back on to my bike and pushed on. A small descent offered a brief respite
before an 11% gradient hit us. Once again I had to stop, and we were not
even half way there.
enveloping me started a conflict in my head, with one side telling me to
stop and the other hauling me back on my bike. I am pretty sure the former
would have won if I didn’t have a companion who kept willing me back to
life with words of encouragement. I am not sure how many more times I
stopped before the summit: maybe once, maybe twice, maybe more. By this
point I was in a trance and no amount of liquid seemed to quench my
more leg breaking and lung busting 11% gradients saw us to the top, where
food, water and a rest waited. At this point I was very unsure whether I
would make it. We were two thirds of the way there and a final
uncompromising climb waited for us, leading to a long descent into the
descent provided time for reflection and to pluck up the courage to see
this through. As we reached the flat and the busy road to Spain the heat
seemed to melt the tyres off the bike. A hairdryer blew warm air into our
faces and we laboured towards the final climb of the day: the Col du
final drink stop and a couple of handfuls of food before the final push,
and before long we were there. 8km left of climbing, and then a 10km
descent to the finish in Bagnères de Luchon. 8km didn’t seem far, but took
the best part of an hour.
Much of it
in the sun, the cumulative fatigue and the effects of the heat and height
above sea level had left me numb and close to breaking point, but having
come this far there was no way I was going to retire before the finish.
There was also no way that I was going to reach the summit without a
couple of stops to stretch the knotted cramp out of my legs and down as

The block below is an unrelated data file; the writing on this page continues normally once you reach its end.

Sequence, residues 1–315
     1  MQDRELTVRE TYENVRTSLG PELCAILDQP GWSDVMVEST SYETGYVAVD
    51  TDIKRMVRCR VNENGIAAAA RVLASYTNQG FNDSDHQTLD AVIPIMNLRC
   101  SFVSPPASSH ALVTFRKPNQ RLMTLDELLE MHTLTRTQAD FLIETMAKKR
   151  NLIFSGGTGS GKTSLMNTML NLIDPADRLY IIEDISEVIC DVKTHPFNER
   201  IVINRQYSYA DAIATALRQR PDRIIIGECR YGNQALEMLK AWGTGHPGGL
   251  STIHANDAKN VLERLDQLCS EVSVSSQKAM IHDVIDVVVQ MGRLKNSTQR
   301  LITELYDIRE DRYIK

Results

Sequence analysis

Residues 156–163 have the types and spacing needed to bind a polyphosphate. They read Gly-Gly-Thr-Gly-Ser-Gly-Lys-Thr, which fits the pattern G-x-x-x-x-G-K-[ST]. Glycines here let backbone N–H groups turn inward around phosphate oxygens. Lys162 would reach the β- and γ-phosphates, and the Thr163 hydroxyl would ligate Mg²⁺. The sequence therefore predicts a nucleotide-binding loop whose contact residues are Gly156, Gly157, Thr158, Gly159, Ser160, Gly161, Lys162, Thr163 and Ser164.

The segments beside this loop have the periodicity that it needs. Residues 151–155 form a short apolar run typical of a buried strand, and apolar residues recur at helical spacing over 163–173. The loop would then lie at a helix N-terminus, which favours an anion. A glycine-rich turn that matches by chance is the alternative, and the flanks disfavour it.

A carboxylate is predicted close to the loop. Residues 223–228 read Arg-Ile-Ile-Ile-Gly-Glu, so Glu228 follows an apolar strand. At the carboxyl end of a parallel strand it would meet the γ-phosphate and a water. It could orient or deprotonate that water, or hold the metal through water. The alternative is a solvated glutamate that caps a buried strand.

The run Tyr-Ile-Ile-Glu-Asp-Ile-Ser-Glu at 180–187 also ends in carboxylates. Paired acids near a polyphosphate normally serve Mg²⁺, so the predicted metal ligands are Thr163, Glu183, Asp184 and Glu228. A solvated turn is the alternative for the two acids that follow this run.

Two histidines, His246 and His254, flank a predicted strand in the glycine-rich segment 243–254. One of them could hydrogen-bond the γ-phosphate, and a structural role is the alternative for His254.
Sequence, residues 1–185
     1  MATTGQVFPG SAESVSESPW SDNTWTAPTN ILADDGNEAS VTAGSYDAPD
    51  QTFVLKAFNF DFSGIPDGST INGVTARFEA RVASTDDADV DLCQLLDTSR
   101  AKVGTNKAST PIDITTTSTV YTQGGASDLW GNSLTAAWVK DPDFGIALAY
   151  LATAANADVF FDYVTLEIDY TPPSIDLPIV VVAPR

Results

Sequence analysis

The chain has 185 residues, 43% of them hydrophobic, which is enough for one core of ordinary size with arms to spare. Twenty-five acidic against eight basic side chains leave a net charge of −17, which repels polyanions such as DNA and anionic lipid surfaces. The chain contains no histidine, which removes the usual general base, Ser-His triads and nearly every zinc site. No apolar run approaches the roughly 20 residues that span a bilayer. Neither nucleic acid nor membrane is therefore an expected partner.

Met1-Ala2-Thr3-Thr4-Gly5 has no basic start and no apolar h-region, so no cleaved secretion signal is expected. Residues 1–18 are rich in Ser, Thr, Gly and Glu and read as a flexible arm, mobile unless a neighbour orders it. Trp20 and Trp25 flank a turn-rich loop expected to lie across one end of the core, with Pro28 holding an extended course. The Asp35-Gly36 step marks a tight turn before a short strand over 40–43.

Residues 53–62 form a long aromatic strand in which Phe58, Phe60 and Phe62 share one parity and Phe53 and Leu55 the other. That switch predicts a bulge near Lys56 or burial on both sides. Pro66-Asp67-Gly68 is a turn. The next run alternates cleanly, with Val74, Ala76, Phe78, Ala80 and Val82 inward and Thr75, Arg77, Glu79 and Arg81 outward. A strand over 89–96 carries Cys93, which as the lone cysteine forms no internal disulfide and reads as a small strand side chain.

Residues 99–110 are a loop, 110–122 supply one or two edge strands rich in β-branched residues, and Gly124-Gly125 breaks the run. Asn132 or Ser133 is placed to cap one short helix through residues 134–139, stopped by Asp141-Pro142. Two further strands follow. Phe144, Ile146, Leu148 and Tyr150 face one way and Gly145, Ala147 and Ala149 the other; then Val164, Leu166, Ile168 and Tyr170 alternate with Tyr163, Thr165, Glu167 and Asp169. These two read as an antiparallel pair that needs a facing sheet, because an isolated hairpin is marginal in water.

much water as possible.
final kilometre seemed to pass in a blur as sweat poured relentlessly from
my chin and onto the handlebars. At last the summit, and by this point I
would follow as we hurtled towards the finish. The descent was emotional
as I was drained, relieved and looking forward to be being reunited with
my family. A few tears welled in my eyes and splintered my view, which
suddenly made me realise: at 60km per hour and with tight hairpin bends,
there was no time for sentiment. It was time to pull myself together.
loomed and the relieved faces of my wife and daughter were a sight for
sore eyes (and legs). 8 hours and 18 minutes of ups and downs, both on the
road and in my head. But I had finished…time for a beer.
everyone who sponsored me, especially to all my friends, family and work
colleagues at UBS, all of whom helped the cause by raising cash as well as
A huge debt
of gratitude is owed to Tony Williams, who not only helped by coaching me
through the winter and up to the event, but also waited for me at the top
of every climb and descent, and virtually dragged me through the rest of
to Harry Boxall, who provided the inspiration to complete this gruelling
task and made me realise that everything I was going through was nothing